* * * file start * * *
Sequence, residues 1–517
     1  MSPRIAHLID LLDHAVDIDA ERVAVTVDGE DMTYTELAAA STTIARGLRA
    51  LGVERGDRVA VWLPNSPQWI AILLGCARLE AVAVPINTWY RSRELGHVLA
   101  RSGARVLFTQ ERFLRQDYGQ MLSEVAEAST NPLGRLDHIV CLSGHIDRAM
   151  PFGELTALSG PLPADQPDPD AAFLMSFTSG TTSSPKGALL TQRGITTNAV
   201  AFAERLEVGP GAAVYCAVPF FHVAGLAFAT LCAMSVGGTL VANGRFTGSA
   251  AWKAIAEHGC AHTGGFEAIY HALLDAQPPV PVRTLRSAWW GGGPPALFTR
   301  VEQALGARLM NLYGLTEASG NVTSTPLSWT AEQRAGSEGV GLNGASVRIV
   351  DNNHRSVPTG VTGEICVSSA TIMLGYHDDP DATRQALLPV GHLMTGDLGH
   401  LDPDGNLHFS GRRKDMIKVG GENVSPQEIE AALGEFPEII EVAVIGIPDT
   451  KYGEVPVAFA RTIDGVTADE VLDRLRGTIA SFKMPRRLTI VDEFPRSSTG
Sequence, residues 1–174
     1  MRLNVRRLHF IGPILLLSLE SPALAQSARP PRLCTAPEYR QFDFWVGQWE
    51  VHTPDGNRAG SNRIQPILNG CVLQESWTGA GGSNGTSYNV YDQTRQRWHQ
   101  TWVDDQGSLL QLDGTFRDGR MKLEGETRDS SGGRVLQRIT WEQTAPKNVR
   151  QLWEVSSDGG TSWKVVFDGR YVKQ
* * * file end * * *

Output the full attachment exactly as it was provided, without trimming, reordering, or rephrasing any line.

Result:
Sequence, residues 1–517
     1  MSPRIAHLID LLDHAVDIDA ERVAVTVDGE DMTYTELAAA STTIARGLRA
    51  LGVERGDRVA VWLPNSPQWI AILLGCARLE AVAVPINTWY RSRELGHVLA
   101  RSGARVLFTQ ERFLRQDYGQ MLSEVAEAST NPLGRLDHIV CLSGHIDRAM
   151  PFGELTALSG PLPADQPDPD AAFLMSFTSG TTSSPKGALL TQRGITTNAV
   201  AFAERLEVGP GAAVYCAVPF FHVAGLAFAT LCAMSVGGTL VANGRFTGSA
   251  AWKAIAEHGC AHTGGFEAIY HALLDAQPPV PVRTLRSAWW GGGPPALFTR
   301  VEQALGARLM NLYGLTEASG NVTSTPLSWT AEQRAGSEGV GLNGASVRIV
   351  DNNHRSVPTG VTGEICVSSA TIMLGYHDDP DATRQALLPV GHLMTGDLGH
   401  LDPDGNLHFS GRRKDMIKVG GENVSPQEIE AALGEFPEII EVAVIGIPDT
   451  KYGEVPVAFA RTIDGVTADE VLDRLRGTIA SFKMPRRLTI VDEFPRSSTG
Sequence, residues 1–174
     1  MRLNVRRLHF IGPILLLSLE SPALAQSARP PRLCTAPEYR QFDFWVGQWE
    51  VHTPDGNRAG SNRIQPILNG CVLQESWTGA GGSNGTSYNV YDQTRQRWHQ
   101  TWVDDQGSLL QLDGTFRDGR MKLEGETRDS SGGRVLQRIT WEQTAPKNVR
   151  QLWEVSSDGG TSWKVVFDGR YVKQ